Babri Mosque Demolition
The Babri Masjid was a mosque built in the sixteenth century in Ayodhya, Uttar Pradesh on the orders of the Mughal emperor Babur. Some Hindus claim that the Mughals destroyed the structure marking the birthplace of the Hindu deity, Ram, in order to build the mosque. This political, historical and socio-religious debate over the history of the site has led to several conflicts and court disputes between Hindus and Muslims. On 6 December 1992, over 100,000 radical Hindu nationalists demolished the Babri Masjid, triggering violence across India that resulted in around 2,000 deaths.
Many consider Rao’s role in the Babri Masjid demolition to be the darkest time of his tenure as prime minister. They accuse him of being a conspirator by deliberately not acting to stop the demolition of the mosque that December. Sitapati makes good of his training as a lawyer to delve into the legal constructs of the Indian constitution alongside gathering evidence, and concluded that ‘history has judged Narasimha Rao harshly’. He writes that, in the lead up to 6 December, the only option Rao had was to impose President’s rule, but he could not even do this because members of both his own party and the opposition were against it. The Supreme Court refused to give Rao a receivership and the Governor suggested that President’s rule should not be imposed:
If he had still pushed for president’s rule under those circumstances, the opposition Bharatiya Janata Party would have pushed for a no-confidence motion in the Parliament and the matter would have gone to the Supreme Court. It would well have been held illegal, and Rao running a minority government could have lost his job.
Narasimha Rao, who had a very high opinion of himself as a Hindu leader (before returning to Delhi when he was called to take on the mantle as leader of the Congress party and prime minister, Rao was contemplating on taking on the offer from Cortallam monastery as their head monk) thought he could out-manoeuvre Hindu saints, the Vishwa Hindu Parishad and Rashtriya Svayamsevak Sangh leaders and convince them to protect the mosque without having to impose President’s rule.
He was, however, mistaken and his actions during the crisis led political rivals like Arjun Singh to level charges against Rao of being incommunicado or of performing puja (religious rituals) or even sleeping during the destruction of the Babri mosque in their biographies and memoirs. Sitapati dismisses all of these as either conspiracy theories, largely floated by the Congress party, or outright lies.
Misunderstood and Maligned Leader
Half Lion is a portrait of one of India’s most misunderstood and maligned leaders in modern history. On occasion, the book may seem overly appreciative, but is certainly no hagiography. Sitapati elucidates how Rao used the Intelligence Bureau (IB) to spy on his colleagues, including Sonia Gandhi; importantly he also stresses Rao’s failure as the home minister in 1984, ceding authority to the Prime Minister’s Office under Rajiv Gandhi during the anti-Sikh riots in the wake of Indira Gandhi’s assassination – he calls it Rao’s ‘vilest hour.’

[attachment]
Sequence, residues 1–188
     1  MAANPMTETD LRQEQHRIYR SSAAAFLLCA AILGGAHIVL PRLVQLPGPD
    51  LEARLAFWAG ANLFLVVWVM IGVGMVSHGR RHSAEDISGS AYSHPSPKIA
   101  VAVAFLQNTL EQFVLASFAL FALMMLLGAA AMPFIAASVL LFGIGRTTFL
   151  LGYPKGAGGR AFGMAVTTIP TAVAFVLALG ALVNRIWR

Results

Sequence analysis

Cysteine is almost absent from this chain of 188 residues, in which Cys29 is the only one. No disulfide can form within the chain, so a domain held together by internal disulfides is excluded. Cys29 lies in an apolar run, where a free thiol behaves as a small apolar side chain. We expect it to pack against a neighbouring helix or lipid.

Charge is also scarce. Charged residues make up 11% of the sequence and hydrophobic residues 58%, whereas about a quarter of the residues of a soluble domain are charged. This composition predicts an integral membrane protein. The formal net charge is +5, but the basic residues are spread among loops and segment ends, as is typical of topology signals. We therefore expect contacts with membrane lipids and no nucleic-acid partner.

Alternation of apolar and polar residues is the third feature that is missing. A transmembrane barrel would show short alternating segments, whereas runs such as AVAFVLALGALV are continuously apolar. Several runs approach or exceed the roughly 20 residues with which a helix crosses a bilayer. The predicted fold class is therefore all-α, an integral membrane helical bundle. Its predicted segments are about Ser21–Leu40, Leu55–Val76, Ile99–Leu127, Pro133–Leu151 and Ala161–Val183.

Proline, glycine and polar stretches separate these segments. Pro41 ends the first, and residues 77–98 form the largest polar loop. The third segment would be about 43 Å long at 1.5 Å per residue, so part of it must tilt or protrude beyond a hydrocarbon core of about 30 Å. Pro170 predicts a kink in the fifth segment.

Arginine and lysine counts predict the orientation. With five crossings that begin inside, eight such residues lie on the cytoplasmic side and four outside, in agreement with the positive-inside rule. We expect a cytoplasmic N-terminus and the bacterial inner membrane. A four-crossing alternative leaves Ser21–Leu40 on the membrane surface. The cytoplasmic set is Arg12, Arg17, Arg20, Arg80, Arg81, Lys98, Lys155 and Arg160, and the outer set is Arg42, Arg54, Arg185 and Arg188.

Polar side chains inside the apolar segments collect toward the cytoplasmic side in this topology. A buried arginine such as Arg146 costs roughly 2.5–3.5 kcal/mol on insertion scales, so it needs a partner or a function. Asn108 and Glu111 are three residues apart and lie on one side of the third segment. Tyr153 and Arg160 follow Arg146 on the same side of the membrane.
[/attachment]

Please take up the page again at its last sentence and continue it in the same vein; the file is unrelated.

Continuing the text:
During and after his term as prime minister, Rao was accused of corruption by Lakhubhai Pathak and Harshad Mehta; for forgery in the St Kitts First Trust Corporation Bank case; and for bribing the members of Parliament of the Jharkhand Mukti Morcha party. Rao was acquitted in all these cases. The book does comment on, but does not delve much into these incidents, leaving the reader wanting to know more. Furthermore, comments and reflections of M. S. Bitta, the ‘Punjab Congressman side lined for his proximity to Rao’ and R.K. Anand, Rao’s Lawyer – both mentioned in the book – would have been noteworthy; besides that, of Deepak Bhojwani, a foreign service officer – not referred to anywhere in the book – who served as private secretary to the prime minister between 1994 and 1996.
In writing this book the author has opened the Pandora’s box, which I hope will lead to further scholarship on understanding not just the man himself, but also the impact of his interventions that led India into the global economy, impacted its international relations, its nuclear programme and improved contributions to the welfare state among others. These require independent in-depth study. It is also an informative book for a broader non-academic readership who are unaware of the contributions made by Rao, especially the post-liberalisation generation, who continue to credit Dr Manmohan Singh as the principal architect of India’s economic reforms and nuclear programme, and defame Rao as a corrupt politician and a conspirator during the demolition of the Babri Masjid.
In the words of political writer Kapil Kommireddi, ‘if Jawaharlal Nehru ‘‘discovered” India, it can reasonably be said that P.V. Narasimha Rao reinvented it.’
Abhilash Puljal is an independent consultant with expertise in private sector development strategy and MSME development, currently advising the Government of Bihar through PricewaterhouseCoopers on a DFID funded project – ‘GROW Bihar’. Alongside this, he is also advising in the implementation of ‘Supporting Indian trade and investment for Africa’ (SITA) project for the International Trade Centre, Geneva, also funded by DFID, in Rwanda and Ethiopia.
He is also the Regional Ambassador of the LSE Alumni Association for South Asia. He can be reached at firstname.lastname@example.org.
Note: This review gives the views of the author, and not the position of the South Asia @ LSE or LSE Review of Books blogs, or of the London School of Economics.